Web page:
Back to Top
Government Support for Education
Deciding to enter into full- or part-time further education can be a big decision. Not least because of the amount of money it can take to fund your course. It is not uncommon for many to be put off by these costs and to decide not to go down this path. However, it is important to be aware of the Government support for education that is available.
Support for Full Time Education
For those that choose full-time education the government provides student loans and grants if you are eligible. The aim of these is to help pay for tuition fees, accommodation and living costs for those who could not otherwise afford them.
The amount of your student loan will depend upon the income of your household. It is important to remember that a student loan will have to be paid back once you have finished your course and are earning more then £15,000.
Grants such as a Maintenance Grant and a Special Support Grant are also available for those eligible. Even if you cannot obtain a full grant you may well find that you can have a partial grant. It is worth noting that these do not have to be repaid. There is also further help available for those who may have a disability or learning problems and for those with certain mental health conditions. Of course if you still feel that you will struggle financially then you may be able to get a bursary or scholarship from your University.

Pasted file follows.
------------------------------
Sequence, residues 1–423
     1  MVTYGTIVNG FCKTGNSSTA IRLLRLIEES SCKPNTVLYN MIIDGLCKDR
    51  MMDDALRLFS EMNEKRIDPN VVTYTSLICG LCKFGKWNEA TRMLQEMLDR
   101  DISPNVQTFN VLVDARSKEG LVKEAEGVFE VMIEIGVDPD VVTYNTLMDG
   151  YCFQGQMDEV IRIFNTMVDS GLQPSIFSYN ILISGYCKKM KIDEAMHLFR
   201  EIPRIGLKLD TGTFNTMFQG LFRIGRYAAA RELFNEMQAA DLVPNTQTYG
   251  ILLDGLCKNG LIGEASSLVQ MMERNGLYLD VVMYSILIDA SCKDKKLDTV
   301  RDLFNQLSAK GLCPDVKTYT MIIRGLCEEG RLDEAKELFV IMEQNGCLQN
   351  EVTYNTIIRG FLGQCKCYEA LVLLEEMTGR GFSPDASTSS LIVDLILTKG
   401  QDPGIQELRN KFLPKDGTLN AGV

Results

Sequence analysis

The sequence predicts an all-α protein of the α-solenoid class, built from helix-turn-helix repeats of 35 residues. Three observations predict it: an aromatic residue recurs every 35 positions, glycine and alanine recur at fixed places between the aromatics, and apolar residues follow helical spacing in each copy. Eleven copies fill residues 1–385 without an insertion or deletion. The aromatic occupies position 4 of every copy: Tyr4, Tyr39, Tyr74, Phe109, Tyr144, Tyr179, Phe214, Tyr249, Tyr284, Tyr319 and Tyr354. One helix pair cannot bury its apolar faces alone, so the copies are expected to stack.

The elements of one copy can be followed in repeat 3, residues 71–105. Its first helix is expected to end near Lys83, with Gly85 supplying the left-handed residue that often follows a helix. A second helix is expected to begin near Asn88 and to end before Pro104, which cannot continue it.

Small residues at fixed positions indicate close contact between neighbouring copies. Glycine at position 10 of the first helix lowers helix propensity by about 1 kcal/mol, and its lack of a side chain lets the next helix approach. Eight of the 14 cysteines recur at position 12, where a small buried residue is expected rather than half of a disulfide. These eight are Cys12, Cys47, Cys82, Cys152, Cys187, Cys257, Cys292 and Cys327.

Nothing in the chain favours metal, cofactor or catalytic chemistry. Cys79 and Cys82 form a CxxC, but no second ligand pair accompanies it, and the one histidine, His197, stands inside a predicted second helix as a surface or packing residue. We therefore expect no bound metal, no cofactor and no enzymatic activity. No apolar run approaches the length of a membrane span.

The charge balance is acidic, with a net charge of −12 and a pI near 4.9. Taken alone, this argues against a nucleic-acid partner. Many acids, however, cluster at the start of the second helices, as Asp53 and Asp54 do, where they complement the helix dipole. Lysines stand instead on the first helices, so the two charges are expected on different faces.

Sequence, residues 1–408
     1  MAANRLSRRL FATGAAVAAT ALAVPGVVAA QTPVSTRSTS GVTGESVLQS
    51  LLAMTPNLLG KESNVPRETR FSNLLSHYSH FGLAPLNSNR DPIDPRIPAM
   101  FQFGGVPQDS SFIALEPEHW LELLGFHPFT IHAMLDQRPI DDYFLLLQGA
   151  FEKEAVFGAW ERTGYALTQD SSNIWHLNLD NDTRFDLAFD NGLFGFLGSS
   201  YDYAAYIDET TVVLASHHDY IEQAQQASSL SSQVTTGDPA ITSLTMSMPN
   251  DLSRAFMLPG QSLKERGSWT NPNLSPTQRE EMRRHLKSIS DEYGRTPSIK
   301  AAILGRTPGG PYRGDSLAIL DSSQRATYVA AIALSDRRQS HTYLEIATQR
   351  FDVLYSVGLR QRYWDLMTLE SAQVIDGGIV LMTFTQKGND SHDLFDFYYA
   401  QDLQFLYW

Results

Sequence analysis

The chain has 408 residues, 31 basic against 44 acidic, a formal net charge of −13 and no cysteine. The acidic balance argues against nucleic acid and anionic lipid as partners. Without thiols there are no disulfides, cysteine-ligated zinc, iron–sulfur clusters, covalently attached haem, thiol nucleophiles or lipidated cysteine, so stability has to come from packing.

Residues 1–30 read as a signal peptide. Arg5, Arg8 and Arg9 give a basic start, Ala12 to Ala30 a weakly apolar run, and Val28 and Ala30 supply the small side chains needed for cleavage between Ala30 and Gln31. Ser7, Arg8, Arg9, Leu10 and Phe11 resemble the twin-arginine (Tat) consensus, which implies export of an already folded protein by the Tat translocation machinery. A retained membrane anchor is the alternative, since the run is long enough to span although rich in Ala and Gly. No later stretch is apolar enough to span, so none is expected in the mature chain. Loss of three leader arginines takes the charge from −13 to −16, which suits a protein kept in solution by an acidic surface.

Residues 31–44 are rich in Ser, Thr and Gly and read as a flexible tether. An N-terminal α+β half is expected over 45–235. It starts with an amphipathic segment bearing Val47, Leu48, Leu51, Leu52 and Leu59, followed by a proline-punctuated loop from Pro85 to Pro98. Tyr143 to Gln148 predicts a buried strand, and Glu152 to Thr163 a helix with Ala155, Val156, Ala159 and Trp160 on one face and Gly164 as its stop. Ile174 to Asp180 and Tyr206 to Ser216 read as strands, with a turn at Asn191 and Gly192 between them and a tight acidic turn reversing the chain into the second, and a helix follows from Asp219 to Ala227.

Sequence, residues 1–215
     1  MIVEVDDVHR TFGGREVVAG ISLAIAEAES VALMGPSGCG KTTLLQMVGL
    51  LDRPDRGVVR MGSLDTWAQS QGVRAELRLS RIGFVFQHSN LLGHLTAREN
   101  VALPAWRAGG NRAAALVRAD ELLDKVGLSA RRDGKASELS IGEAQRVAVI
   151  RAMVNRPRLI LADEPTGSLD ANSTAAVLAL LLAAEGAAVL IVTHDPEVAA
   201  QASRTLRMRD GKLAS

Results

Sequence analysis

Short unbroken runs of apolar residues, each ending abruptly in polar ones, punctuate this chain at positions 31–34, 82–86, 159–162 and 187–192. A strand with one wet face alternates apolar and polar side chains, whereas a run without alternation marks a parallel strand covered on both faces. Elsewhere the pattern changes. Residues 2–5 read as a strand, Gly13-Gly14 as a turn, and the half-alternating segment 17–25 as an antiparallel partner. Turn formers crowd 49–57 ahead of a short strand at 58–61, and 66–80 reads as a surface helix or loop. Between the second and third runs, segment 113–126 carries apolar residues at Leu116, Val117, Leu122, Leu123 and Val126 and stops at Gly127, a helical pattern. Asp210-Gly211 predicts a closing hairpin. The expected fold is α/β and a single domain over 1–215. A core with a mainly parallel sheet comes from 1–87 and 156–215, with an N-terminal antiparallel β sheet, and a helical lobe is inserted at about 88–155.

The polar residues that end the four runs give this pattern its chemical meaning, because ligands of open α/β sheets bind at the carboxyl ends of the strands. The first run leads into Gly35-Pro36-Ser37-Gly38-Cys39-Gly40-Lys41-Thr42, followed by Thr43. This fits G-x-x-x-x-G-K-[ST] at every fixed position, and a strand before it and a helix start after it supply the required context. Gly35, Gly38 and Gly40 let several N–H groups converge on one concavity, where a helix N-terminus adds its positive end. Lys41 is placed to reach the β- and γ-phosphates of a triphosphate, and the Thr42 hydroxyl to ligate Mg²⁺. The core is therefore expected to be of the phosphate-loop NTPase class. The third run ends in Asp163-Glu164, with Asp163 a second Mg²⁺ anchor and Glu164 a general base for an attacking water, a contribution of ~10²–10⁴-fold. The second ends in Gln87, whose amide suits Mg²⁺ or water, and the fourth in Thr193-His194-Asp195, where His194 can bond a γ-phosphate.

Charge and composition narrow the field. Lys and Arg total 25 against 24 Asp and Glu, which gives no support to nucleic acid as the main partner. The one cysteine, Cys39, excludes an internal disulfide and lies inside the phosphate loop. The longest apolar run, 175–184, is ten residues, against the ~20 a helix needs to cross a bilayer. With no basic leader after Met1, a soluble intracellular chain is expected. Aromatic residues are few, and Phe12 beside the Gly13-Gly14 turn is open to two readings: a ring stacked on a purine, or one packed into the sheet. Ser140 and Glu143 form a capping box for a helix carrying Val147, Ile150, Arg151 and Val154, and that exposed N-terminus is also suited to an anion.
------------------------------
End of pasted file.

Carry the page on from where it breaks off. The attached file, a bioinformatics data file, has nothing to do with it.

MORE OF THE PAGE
Support for Part-Time Students
The amount of help that is available for those in part-time education does differ slightly to those in full-time. You will find that the main type of financial help offered to you comes in the form of Fee Grants and Course Grants. However, similarly to above the amount that you will receive will not be the same for every student. The amount of income in your household will be taken into consideration as well as your personal circumstances. If you have any special needs, a disability, learning difficulty or mental health condition then you may be able to obtain additional help.
Back to Top
Repaying student debt